The European Union has agreed that coal-fired plants don’t have to cut emissions that cause acid rain if they shut down by the end of 2023 or after 17,500 hours of operation, and power stations that operate into 2024 and beyond must start reducing pollutants such as sulphur and nitrogen oxides under a deal for the new Industrial Emissions Directive, reports Reuters. The rules do not cover carbon dioxide emissions.
German liberal politician Holger Krahmer, who represented the European Parliament in the talks, told Reuters the deal, which was formally approved by EU ambassadors on Friday (June 18), improves the regulation of most industrial installations but described the opt-outs for coal-fired power plants as a “European tragedy.”
The European Parliament also agreed to extend the life of large combustion plants, typically found in power stations, petrol refineries and steel works, which mean these plants do not have to comply with the directive until July 1, 2020, reports EuropeanVoice.
Industrial plants will be expected to comply with the new emissions rules by 2012, tightening emissions limits for a wide range of pollutants, including nitrogen oxides, sulphur dioxide, dust, asbestos and heavy metals, reports EuropeanVoice.com.
The law also will require industrial plants from steel-works to meat-processing plants to use the most advanced technologies and practices to reduce waste and hazardous substances, reports EuropeanVoice.com.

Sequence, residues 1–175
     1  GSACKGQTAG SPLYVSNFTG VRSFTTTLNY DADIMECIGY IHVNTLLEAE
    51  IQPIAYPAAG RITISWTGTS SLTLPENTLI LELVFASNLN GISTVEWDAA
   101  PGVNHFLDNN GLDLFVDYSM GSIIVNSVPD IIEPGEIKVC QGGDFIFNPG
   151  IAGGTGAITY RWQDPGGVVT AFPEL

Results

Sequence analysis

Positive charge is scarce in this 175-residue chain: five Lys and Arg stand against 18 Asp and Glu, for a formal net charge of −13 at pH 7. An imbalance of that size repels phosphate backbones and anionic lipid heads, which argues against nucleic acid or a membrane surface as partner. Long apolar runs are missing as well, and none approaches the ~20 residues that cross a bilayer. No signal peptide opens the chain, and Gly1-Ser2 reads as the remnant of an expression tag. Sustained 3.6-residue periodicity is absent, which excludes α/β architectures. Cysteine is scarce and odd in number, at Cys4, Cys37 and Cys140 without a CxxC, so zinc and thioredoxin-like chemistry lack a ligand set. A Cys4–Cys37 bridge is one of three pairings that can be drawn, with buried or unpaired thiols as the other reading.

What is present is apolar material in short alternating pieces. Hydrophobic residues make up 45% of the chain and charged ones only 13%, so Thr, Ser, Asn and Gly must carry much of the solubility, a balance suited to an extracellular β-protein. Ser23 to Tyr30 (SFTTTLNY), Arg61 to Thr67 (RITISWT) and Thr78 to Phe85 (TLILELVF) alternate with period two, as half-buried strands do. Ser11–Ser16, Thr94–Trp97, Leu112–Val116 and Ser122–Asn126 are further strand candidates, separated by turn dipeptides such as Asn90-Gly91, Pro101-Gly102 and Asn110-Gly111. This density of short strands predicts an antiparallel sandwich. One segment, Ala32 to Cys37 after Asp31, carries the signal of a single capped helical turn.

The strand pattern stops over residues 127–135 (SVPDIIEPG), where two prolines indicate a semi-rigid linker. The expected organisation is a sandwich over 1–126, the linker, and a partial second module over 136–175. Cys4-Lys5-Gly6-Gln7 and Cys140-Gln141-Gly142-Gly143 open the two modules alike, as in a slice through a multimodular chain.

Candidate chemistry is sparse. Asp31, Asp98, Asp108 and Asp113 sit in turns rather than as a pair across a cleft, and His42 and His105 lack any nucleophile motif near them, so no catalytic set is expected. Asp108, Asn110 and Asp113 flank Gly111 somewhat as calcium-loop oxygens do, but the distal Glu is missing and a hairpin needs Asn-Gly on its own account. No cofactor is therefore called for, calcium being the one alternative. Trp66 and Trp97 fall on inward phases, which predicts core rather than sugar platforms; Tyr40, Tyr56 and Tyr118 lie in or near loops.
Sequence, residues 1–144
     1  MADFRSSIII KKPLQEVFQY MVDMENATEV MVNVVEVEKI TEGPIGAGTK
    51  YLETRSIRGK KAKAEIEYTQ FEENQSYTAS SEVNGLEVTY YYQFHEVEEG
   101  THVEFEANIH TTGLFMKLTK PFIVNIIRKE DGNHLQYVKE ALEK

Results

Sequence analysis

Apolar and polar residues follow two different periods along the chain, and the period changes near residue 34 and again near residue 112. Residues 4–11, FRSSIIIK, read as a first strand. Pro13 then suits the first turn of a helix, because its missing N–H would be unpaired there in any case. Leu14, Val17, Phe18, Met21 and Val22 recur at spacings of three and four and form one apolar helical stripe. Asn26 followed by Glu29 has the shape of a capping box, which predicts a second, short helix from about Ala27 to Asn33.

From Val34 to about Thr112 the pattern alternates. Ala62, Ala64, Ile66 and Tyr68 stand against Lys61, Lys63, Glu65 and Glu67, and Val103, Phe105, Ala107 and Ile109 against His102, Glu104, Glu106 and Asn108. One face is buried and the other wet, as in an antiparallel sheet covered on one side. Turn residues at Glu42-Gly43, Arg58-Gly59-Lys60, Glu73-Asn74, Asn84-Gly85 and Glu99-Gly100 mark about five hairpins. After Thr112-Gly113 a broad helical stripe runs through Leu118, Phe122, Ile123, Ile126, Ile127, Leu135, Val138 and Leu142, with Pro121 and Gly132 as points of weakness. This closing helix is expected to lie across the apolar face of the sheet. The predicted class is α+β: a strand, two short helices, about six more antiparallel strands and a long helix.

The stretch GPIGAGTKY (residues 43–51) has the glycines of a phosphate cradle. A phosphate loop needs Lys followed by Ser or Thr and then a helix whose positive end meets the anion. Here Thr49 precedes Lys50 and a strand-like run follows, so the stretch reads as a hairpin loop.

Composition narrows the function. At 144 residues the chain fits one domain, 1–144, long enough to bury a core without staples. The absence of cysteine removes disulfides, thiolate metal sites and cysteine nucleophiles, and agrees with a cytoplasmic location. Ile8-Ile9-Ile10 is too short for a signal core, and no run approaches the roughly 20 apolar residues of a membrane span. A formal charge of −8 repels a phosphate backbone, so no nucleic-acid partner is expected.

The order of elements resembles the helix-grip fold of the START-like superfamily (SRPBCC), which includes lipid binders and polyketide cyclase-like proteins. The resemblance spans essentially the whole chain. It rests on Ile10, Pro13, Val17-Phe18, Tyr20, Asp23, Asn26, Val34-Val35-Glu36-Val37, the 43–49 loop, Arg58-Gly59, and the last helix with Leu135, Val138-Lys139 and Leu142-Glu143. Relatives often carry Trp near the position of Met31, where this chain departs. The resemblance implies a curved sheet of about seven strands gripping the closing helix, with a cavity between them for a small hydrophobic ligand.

However, National authorities will be allowed to give licenses to plants that do not use “best available techniques,” if they result in “disproportionately higher costs” compared to the environmental benefits, according to the article.
The Industrial Emissions Directive combines six air quality laws with the existing Large Combustion Plant Directive, reports Reuters. The deal must be formally approved by parliament before becoming law.
European commissioners also are expected to start talks on introducing minimum tax rates for carbon this week (June 23), reports EurActiv.
A potential proposal would need unanimous backing of every member state to become law but the UK and Ireland are against Brussels setting taxes, according to EurActiv. Nordic countries support the proposal because they implemented similar national carbon taxes in the 1990s.
In addition, some Commission departments are concerned about the timing of the measure, which could potentially harm the competitiveness of European farmers and car manufacturers.
There is also debate over plans to exempt energy products that fall under the EU’s emissions trading scheme (EU ETS). Because many carbon-trading industries get free allowances, this means they won’t pay for either allowances or taxes, reports EurActiv.
The new energy tax policy could make renewable fuels cheaper than fossil fuels.